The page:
Wellness and Well-Being
Some people use complementary health approaches in an effort to promote general well-being or wellness, rather than to help manage symptoms of a health problem. For example, national survey data show that people most often use yoga and dietary supplements for wellness. Wellness has several dimensions, including the emotional (coping effectively with life and creating satisfying relationships) and the physical (recognizing the need for physical activity, healthy foods, and sleep).
Research sponsored by NCCIH suggests that people who use complementary approaches for wellness tend to have better overall health, higher rates of physical activity, and lower rates of obesity than those who use complementary approaches to help manage a health problem.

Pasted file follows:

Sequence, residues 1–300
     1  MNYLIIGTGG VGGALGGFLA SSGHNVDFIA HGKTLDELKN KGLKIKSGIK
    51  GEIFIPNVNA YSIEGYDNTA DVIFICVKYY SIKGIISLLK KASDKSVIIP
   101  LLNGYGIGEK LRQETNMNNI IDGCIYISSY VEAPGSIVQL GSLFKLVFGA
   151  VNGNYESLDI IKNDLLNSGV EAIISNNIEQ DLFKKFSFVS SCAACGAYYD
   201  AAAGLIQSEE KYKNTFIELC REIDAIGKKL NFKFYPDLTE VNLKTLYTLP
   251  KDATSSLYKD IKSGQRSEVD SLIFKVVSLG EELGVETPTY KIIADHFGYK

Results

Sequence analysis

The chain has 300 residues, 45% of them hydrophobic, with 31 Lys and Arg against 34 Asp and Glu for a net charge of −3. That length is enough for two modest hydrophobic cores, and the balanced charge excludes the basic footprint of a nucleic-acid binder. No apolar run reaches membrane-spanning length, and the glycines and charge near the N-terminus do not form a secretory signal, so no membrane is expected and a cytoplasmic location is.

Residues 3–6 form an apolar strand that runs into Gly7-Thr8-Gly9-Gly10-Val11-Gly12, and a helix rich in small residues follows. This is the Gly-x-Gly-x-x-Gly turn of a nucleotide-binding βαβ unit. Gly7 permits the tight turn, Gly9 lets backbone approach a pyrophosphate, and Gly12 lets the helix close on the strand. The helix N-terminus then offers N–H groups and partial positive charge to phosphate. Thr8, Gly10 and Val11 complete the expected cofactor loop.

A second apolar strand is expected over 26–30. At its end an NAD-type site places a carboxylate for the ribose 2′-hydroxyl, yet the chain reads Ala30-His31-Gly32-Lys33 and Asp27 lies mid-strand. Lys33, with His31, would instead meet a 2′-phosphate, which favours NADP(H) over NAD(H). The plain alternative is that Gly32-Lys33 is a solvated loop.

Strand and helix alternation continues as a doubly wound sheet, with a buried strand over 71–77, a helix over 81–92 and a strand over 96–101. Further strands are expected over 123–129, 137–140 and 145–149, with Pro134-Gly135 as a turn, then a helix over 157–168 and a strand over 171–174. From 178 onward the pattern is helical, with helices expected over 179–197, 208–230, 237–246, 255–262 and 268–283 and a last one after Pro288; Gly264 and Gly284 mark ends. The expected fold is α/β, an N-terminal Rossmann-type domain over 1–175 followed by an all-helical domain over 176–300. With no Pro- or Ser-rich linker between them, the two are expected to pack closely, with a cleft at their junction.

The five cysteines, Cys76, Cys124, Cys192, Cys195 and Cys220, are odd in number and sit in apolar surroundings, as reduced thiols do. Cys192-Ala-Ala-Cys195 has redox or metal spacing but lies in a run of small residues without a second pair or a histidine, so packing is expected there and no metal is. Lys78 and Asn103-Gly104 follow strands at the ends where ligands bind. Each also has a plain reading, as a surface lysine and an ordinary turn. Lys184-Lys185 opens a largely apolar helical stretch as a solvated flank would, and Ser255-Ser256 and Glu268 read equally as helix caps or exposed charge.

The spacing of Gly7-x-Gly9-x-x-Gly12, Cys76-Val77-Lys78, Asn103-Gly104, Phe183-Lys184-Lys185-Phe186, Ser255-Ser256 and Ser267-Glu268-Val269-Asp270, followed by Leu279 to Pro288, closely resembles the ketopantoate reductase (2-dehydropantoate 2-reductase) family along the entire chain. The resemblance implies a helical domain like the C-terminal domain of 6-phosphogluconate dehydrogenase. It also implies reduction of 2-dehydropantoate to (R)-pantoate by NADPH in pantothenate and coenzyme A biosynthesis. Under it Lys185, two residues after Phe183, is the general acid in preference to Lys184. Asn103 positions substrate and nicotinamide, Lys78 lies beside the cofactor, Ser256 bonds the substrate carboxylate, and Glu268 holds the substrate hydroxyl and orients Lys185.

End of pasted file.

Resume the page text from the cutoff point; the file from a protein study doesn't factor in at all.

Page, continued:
More research is needed to better understand how certain complementary health approaches can be useful in encouraging better self-care, improving a personal sense of well-being, and promoting a greater commitment to a healthy lifestyle.
For Health Professionals
NCCIH Clinical Digest
This page last modified December 12, 2017